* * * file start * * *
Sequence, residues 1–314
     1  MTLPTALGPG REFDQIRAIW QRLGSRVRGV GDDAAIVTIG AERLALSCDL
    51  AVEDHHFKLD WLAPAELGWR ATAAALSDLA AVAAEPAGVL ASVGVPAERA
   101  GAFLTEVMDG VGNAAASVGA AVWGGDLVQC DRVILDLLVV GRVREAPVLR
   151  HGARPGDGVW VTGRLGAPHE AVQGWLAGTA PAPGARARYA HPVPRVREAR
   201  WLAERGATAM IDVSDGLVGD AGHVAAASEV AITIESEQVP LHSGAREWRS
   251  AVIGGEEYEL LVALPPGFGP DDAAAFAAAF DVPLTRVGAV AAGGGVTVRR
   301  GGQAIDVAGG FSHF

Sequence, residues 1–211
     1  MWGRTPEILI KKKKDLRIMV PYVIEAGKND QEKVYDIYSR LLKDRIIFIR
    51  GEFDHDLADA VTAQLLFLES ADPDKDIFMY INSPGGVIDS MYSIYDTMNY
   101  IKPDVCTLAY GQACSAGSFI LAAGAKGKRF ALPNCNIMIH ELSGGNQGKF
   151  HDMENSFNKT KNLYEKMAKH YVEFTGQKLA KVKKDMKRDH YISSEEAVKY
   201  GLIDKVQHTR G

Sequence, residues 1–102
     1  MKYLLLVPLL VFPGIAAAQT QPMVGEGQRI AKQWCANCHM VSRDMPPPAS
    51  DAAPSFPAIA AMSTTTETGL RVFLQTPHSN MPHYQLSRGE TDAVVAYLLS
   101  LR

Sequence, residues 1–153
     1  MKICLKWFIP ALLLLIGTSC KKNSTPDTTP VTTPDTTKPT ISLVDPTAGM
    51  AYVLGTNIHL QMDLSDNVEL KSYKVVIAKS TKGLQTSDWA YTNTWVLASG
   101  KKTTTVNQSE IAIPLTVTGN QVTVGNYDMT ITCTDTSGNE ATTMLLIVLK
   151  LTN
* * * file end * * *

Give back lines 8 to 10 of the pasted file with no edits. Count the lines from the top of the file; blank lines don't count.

   301  GGQAIDVAGG FSHF

Sequence, residues 1–211
     1  MWGRTPEILI KKKKDLRIMV PYVIEAGKND QEKVYDIYSR LLKDRIIFIR